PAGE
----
The emotional response relationships with others generate is almost always the issue which needs to be dealt with internally in our relationship to ourselves. If fear comes up in approaching intimacy with another, then I must consider what it is I fear about entering into that state of wholeness with myself. If anger comes up again and again in my relationships with others, it is likely I need to look at what I am angry at myself about.
The task of identifying emotions and entering into them fully is not straightforward. Our relationships with one another and with ourselves are extremely intricate. They weave one set of emotions in one person through another set of emotions in the other. The resulting, observable interactions of the relationship often masquerade as something quite different than the core emotional issues. These core emotional issues are those each person has entered into the relationship to resolve. We find ourselves tangled in a web of skirmishes over territory, control, fear of intimacy or any number of other surface presentations without ever understanding how we got there.
It is remarkable how we manage to find others with mirror images of our own psychic defenses to help us break through the barriers we have created for ourselves. Unfortunately, because few people realize this is the basis of their relationship with others, they continually create more pain and more defenses. This is especially true when the mirror images begin to reveal anything about the real pain at the base of the interaction.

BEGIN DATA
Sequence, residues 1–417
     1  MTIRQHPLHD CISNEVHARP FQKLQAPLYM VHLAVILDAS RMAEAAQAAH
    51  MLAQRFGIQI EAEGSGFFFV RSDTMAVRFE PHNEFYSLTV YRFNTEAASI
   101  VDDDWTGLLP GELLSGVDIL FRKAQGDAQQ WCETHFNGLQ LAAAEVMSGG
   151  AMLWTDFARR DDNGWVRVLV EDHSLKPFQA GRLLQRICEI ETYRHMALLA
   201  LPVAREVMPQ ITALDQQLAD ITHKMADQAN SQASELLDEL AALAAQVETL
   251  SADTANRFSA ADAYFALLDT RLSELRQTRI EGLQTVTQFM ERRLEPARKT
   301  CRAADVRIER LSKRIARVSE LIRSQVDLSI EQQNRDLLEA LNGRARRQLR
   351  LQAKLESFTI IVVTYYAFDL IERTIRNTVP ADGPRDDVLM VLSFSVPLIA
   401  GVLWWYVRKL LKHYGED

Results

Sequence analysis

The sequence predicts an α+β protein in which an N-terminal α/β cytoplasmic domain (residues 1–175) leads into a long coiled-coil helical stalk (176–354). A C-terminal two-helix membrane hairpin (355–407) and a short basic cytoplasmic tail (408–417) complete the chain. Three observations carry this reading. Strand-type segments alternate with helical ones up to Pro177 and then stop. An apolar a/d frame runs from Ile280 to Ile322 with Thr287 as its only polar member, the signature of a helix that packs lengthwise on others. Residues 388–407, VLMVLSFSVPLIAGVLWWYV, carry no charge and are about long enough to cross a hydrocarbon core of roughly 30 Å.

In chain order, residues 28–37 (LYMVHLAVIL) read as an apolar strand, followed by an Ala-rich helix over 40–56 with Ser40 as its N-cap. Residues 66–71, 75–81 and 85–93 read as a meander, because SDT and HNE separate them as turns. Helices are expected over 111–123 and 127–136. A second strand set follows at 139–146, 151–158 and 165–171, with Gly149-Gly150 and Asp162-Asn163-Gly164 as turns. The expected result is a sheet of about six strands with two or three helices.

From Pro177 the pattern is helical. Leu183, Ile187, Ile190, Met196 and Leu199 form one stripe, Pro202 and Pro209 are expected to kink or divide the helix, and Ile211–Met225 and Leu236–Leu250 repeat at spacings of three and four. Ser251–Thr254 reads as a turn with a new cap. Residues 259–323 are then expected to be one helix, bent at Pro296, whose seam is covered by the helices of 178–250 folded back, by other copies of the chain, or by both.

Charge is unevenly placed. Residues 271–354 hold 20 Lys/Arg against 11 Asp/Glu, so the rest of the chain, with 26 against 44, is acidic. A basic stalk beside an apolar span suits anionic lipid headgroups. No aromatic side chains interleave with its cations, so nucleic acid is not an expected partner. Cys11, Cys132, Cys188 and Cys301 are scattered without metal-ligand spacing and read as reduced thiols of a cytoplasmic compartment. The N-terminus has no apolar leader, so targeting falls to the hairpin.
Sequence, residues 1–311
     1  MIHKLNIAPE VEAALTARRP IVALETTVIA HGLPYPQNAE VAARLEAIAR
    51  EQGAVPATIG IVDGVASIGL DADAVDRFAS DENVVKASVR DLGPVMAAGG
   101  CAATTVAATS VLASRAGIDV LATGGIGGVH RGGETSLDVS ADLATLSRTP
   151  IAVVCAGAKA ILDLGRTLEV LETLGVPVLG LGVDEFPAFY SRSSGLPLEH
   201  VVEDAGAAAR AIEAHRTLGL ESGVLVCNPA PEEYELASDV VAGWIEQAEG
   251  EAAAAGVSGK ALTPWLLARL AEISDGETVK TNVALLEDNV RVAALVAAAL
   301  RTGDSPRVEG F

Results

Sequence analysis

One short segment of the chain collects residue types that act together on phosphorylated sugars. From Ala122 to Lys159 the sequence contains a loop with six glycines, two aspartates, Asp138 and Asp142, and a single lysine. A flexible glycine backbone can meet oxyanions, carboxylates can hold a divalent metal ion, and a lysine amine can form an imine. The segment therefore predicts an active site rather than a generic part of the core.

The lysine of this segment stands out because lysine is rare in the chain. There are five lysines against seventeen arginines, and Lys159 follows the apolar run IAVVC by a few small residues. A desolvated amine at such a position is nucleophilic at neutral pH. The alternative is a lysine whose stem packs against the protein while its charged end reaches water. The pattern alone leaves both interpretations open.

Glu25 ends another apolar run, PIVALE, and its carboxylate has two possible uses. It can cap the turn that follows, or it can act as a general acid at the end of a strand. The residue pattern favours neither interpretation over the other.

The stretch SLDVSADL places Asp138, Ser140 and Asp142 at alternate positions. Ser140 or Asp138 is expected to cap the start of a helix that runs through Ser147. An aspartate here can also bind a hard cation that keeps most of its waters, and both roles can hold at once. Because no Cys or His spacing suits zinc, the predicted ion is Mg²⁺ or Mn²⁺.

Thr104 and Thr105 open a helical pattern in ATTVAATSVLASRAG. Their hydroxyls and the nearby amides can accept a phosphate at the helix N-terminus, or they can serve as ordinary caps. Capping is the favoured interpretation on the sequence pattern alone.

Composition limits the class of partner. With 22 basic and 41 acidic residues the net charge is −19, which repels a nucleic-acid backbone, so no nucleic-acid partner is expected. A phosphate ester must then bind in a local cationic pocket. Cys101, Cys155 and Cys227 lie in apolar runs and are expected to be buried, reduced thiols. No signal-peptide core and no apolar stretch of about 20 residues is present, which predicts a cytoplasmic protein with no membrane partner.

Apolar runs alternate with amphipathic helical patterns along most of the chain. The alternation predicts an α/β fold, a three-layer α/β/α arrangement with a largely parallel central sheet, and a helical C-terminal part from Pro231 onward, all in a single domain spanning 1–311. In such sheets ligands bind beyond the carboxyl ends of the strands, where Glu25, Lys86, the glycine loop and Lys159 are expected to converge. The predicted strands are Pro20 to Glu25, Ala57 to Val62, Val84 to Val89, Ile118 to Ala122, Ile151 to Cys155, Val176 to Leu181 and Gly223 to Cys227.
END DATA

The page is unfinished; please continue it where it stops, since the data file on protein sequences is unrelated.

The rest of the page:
Whenever this happens, relationships generally break down. This is because we do not realize that the authentic experience of the pain the relationship generates in us is actually the path back to the original context in which that pain was generated. If we can reach that original context, we can straightforwardly and honestly grapple with and resolve the emotions held within it to reveal ourselves at a soul level. This is an experience which is always available to us if we allow ourselves to journey to the other side of the web of unresolved emotion we have woven for ourselves.
This encounter with ourselves at a soul level is precisely what we are all longing for, whether we articulate it in these terms or not. Most of us can only dimly imagine what it would be like to be able to interact not only with ourselves at this level, but to know and understand others at this level through our relationships with them. What a different definition of relationship!
We need to re-enter these situations, times, or circumstance in such a way that allows us to completely re-experience the relationship and the emotions it engenders. Hypnosis and age regression, combined with the tools of inner child work and soul retrieval, are excellent ways to accomplish this task. It is only by sailing fully into the storm of the relationship where the emotional experience was abandoned that we can reclaim that experience. We can then bring it home to the self at a soul level for greater self-understanding.
We must compassionately define and understand the defensive mechanisms with which we have littered the distance between feeling and ourselves. This task must be accomplished before we can fully re-enter the relationship and the emotions it contains. This is an important part of the process, because the defenses must be assured that it is safe to dissolve. We must be sure that it is only the defenses that are dissolving and not our essential being, no matter what our fears and lack of trust tell us.